Exchange Sweden




Lugo (Spain) – Täby (Sweden)

I had the privilege to coordinate the Student Exchange in our school from 2003-04 to 2007-08. It is not an easy job. Work is hard and sometimes difficult, unsuspected problems may crop up anywhere anytime, you may face the hostility of some colleagues whose ignorance will always try to obstruct progress, paperwork is boring and the responsibility of travelling to a foreign country with thirty teenagers may feel overwhelming.

And yet, this exchange has been one of the most rewarding jobs I have undertaken as a teacher. Furthermore, I have been extremely happy when travelling with my teenage students. I have needed, and got, help from many of my Spanish colleagues, who have most generously offered their time and knowledge to make the exchange succeed. I have also enjoyed the warm hospitality of my Swedish colleagues, sharing both joy and pain.

I have reaped the benefits of coordinating this exchange and I am deeply grateful to my students and to my Spanish and Swedish colleagues. A heart-felt thanks to all of you.

I also believe it fair to acknowledge the financial support of the Galician government, the Xunta de Galicia.

But this is a website for my sudents, so why is a student exchange programme important for you?

A student exchange is not a trip or an excursion. A student exchange programme complements your formal education in important, meaningful and exciting ways. You are placed with a host family and attend a local school. You live like a local and become immersed in the culture. You gain valuable international experience. Last but not least, you learn a lot about yourself.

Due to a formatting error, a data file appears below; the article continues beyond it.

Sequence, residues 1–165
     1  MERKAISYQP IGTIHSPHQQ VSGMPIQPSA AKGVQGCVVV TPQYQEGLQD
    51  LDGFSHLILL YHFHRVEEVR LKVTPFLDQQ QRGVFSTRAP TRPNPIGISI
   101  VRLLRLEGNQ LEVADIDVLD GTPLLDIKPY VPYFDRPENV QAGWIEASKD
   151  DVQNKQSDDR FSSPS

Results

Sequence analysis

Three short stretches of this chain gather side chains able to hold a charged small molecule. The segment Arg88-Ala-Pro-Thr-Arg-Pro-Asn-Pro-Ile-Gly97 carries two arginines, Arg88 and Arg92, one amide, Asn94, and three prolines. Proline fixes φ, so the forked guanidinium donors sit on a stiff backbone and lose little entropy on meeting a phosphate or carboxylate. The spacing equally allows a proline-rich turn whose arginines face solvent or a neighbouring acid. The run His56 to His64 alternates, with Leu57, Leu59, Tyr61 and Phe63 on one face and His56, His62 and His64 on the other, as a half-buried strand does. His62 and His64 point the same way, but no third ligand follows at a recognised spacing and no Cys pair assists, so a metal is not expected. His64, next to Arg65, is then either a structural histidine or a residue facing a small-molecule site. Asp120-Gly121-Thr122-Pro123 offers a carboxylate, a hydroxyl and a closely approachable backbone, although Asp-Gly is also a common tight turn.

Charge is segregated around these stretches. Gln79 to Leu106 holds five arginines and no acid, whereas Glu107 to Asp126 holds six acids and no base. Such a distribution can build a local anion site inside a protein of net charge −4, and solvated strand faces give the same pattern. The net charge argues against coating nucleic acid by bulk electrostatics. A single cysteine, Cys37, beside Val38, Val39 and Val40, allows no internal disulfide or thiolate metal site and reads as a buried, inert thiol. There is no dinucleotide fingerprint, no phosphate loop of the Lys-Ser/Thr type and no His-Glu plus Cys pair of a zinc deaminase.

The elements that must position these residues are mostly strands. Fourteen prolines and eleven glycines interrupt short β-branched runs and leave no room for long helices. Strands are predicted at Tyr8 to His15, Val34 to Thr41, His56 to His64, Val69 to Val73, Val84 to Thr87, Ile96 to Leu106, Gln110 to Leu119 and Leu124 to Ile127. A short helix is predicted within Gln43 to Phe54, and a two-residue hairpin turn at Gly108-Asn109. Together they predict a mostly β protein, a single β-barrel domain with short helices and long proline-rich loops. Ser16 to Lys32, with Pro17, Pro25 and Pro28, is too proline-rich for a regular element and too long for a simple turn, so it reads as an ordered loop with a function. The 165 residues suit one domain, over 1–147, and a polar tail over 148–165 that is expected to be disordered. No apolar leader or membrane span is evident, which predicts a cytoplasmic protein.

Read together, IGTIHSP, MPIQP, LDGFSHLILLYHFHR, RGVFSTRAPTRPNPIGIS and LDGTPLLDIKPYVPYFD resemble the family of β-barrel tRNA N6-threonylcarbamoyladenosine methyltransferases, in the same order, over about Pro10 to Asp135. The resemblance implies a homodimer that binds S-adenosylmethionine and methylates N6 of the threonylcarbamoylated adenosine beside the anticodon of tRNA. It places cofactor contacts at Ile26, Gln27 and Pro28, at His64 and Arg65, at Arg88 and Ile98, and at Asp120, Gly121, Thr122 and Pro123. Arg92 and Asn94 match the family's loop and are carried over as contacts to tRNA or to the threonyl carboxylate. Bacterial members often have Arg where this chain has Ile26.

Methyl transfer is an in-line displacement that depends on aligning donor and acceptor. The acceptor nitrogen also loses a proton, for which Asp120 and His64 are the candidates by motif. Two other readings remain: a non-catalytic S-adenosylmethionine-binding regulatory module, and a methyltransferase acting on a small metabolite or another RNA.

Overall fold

Being an exchange student is challenging and fun as you are actually living in Sweden as a member of that community.

Student exchange programmes promote tolerance, maturity and independence. They also encourage an international perspective. In a very competitive world these are highly sought after qualities.

A student exchange is an investment for life. Long after you return home, your exchange will influence and inform your life.

ABBA. Fernando. Lyrics > File Cabinet 

This, of course, is my opinion but the EU Green Paper on Promoting the Learning Mobility of Young People (Brussels, 2009) stresses similar points,

Learning mobility, i.e. transnational mobility for the purpose of acquiring new skills is one of the fundamental ways in which individuals, particularly young people, can strengthen their future employability as well as their personal development. Studies confirm that learning mobility adds to human capital, as students access new knowledge and develop new linguistic skills and intercultural competences. Furthermore, employers recognise and value these benefits. Europeans who are mobile as young learners are more likely to be mobile as workers later in life. Learning mobility has played an important role in making education and training systems and institutions more open, more European and international, more accessible and efficient.

So, don’t just sit there in front of your laptop and join the club!


Sweden 2007. The Hanseatic League and the Baltic. Blog Sweden 2007